Baroness Scott of Needham Market

My Lords, does the Minister really believe that the imposition by central government of hundreds of performance indicators and targets does anything to create local authorities which are accountable and responsive to local needs? Can the noble Lord tell the House what plans the Government have to monitor the burgeoning best value bureaucracy to see whether the process itself is delivering best value?

Lord Whitty

My Lords, the monitoring procedure to which we have already referred is intended to ensure that delivery meets expectations. Inevitably, within the system there is some resistance to the new process, and occasionally there are bureaucratic difficulties. But best value is related to output and performance. How output is achieved is up to the management of individual local authorities and their services. There is a great incentive for innovation and improvements in efficiency in local authorities, and that is what the whole best value regime is about. The regime is not an imposition but an opportunity for public services.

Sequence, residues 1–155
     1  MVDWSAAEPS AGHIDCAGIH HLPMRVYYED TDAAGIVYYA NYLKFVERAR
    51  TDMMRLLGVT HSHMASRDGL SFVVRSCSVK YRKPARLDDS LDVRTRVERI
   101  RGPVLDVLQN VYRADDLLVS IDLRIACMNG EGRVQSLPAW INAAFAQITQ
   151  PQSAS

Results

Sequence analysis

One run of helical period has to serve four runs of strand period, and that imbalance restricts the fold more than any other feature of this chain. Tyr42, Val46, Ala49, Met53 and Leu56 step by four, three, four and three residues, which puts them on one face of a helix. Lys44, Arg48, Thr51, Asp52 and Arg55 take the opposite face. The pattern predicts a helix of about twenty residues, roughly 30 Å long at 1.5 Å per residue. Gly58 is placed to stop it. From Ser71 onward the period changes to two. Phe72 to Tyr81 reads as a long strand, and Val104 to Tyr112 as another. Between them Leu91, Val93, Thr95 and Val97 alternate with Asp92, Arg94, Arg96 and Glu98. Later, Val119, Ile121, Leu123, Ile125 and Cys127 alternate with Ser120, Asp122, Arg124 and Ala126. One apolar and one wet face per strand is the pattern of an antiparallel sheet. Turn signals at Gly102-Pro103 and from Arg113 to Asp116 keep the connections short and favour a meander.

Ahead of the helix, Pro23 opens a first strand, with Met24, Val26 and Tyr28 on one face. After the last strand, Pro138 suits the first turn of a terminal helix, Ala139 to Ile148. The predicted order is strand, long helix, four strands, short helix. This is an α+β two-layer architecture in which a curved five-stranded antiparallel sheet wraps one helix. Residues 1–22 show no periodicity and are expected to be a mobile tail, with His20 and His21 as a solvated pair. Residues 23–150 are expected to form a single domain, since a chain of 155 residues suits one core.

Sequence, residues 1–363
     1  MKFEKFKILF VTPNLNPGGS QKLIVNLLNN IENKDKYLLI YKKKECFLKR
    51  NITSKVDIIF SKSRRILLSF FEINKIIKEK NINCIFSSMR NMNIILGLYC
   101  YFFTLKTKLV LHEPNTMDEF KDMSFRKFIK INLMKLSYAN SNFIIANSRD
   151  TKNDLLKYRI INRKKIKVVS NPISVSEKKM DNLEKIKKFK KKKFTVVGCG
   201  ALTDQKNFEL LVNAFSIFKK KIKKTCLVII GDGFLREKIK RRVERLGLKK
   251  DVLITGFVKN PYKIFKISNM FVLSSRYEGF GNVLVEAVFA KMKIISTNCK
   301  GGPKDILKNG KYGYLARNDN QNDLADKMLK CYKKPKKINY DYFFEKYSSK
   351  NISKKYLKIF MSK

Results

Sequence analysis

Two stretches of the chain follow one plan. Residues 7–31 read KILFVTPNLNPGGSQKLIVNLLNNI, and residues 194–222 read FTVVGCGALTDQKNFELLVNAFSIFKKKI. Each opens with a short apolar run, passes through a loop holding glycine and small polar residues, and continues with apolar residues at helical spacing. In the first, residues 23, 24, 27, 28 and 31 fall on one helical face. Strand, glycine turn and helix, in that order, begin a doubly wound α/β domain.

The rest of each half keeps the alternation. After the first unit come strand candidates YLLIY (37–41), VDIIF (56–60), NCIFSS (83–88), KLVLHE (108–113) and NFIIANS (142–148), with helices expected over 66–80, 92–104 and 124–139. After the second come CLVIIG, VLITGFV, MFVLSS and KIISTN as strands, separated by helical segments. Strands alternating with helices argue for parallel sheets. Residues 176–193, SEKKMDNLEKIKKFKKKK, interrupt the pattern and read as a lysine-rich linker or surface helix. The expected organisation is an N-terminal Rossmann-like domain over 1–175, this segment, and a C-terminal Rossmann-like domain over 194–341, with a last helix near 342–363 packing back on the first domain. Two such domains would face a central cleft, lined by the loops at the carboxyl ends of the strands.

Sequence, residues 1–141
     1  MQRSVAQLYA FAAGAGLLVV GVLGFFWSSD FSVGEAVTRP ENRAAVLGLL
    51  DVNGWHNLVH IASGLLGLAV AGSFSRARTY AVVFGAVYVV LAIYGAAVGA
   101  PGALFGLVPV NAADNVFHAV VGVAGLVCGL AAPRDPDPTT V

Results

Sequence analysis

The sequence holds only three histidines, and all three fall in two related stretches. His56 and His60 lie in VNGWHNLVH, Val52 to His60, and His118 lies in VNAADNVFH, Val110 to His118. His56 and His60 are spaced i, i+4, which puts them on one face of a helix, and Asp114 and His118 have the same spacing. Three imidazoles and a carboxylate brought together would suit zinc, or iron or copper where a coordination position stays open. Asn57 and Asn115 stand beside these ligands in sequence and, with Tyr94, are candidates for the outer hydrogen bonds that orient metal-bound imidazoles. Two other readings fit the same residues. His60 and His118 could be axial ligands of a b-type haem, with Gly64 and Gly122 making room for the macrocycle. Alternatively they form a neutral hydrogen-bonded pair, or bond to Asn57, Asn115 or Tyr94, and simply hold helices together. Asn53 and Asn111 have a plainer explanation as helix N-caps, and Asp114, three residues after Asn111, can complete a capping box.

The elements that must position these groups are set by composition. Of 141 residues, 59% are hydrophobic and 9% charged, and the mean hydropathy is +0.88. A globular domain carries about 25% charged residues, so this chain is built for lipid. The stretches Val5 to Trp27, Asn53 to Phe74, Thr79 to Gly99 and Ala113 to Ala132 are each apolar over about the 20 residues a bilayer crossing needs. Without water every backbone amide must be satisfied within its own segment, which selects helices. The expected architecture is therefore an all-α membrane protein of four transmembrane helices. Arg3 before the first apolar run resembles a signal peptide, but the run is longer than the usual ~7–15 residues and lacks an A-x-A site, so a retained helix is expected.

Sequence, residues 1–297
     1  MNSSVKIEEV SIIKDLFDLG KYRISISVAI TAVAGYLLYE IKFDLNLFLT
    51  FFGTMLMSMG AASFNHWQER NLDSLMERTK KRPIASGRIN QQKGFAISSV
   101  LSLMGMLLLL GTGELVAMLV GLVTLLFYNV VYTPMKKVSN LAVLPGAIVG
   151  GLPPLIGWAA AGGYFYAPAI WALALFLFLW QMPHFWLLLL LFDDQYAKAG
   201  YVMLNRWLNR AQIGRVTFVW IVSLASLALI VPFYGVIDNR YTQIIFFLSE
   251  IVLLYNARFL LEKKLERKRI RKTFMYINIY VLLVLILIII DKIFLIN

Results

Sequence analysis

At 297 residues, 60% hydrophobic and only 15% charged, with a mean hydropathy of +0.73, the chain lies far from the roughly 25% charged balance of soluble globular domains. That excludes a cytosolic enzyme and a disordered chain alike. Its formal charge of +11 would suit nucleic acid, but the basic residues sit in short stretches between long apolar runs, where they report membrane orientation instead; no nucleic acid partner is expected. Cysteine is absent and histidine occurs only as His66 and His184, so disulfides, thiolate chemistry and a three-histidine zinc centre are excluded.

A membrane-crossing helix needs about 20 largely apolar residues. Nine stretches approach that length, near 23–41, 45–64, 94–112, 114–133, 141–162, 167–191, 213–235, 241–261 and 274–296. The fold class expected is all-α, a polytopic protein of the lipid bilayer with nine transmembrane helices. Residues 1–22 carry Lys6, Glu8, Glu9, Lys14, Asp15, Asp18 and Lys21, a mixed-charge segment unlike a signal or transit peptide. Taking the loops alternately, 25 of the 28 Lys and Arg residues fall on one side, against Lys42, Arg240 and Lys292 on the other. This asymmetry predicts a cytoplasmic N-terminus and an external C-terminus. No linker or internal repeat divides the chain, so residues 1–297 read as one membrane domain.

Lord Bruce of Donington

My Lords, can my noble friend tell the House whether what he has said is affected by the recent decision by the European Commission to outlaw gap funding which has brought considerable benefits to various local authorities within which approved schemes lie? Is he aware that report HC 714 of the House of Commons Select Committee on the Environment, Transport and the Regions shows in detail how perverse (to use its own word) and unwarranted is the Commission's decision to disallow this in future?

Lord Whitty

My Lords, at first sight the implications of that decision would appear to be as my noble friend indicates. However, we are in constructive discussion as to how best to meet the needs which that funding previously met to conform with the Commission's view of the European regulations in this matter. I do not believe that it will have the devastating effect that my noble friend suggests or the Select Committee indicates.

Baroness Gardner of Parkes